(3)
Remark 1

One could consider an alternate setup where the set of agents who do not participate in the signaling scheme is pre-determined. These agents do not receive a recommendation and also do not have knowledge about . In this case, (3) can be replaced with obtained by replacing

with the uniform distribution. The methodologies developed in this paper also extend to this alternate setting.

A signal is said to obedient if the recommendation received by every agent is weakly better, in expectation with respect to posterior in (2), than other routes, while the non-receiving agents induce a Bayes Nash flow with respect to their posterior in (3). Formally, a is said to be obedient if there exists such that:

(4)

Plugging the expressions of beliefs from (2) and (3), noting that the denominators on both sides of the inequalities are the same in (4), and multiplying both sides of the second set of inequalities by , one gets:

(5a)
(5b)

The social cost is taken to be the expected total latency:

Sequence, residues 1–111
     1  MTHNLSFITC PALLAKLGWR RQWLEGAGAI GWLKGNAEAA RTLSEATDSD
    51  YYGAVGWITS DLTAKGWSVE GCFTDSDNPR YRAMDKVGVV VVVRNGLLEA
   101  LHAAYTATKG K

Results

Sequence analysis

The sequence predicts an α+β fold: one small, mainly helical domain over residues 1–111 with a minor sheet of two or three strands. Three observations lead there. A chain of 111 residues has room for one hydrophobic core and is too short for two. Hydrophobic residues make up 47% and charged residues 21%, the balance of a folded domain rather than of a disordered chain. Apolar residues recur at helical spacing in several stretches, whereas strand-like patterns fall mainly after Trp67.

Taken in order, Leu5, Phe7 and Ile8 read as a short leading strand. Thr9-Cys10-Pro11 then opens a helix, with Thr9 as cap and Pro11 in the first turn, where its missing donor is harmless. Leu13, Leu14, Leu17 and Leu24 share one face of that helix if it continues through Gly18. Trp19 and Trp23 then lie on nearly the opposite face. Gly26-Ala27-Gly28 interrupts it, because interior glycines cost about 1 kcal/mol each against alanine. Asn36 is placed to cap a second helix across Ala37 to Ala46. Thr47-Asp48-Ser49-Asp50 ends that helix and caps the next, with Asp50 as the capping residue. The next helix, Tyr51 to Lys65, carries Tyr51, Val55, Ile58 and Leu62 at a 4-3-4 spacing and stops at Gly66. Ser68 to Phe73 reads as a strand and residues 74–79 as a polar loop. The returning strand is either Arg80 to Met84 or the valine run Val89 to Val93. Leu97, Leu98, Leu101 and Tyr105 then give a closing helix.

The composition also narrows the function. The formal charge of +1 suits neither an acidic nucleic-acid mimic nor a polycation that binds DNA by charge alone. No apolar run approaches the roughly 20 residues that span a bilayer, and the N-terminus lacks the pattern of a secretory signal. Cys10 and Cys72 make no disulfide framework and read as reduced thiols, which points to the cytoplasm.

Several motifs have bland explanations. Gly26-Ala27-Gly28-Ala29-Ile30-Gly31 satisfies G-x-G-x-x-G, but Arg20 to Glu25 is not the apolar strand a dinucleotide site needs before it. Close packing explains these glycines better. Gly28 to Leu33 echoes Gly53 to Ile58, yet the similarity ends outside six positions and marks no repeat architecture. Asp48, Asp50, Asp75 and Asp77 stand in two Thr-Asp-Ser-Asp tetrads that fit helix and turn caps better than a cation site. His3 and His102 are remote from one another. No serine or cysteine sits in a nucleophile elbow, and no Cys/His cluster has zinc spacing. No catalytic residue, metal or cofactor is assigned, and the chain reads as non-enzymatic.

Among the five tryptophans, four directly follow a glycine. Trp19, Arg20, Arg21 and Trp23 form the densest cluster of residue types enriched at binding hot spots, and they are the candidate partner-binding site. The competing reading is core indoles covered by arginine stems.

(6)

The information design problem can then be stated as

(7)

where is the concise notation for .

Remark 2

The revelation principle, e.g., see [1], implies that optimality in the class of obedient direct private signals, i.e., signals which recommend routes, also ensures optimality within a broader class which includes indirect signals. An indirect signal provides noisy information about the state realization. The route choice is then determined by Bayes Nash flow with respect to the posterior beliefs induced by the signal. In Section IV, we consider a special case of indirect signals, known as public signals.

Computing solution to (7) is challenging, not the least because it involves optimizing over probability distributions. The next section proposes approximations which are provably accurate in some cases.